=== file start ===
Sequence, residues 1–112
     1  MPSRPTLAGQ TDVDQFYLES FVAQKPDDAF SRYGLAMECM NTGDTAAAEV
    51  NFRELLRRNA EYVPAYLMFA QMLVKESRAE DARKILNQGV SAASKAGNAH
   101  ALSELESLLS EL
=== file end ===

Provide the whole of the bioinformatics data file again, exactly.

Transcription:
Sequence, residues 1–112
     1  MPSRPTLAGQ TDVDQFYLES FVAQKPDDAF SRYGLAMECM NTGDTAAAEV
    51  NFRELLRRNA EYVPAYLMFA QMLVKESRAE DARKILNQGV SAASKAGNAH
   101  ALSELESLLS EL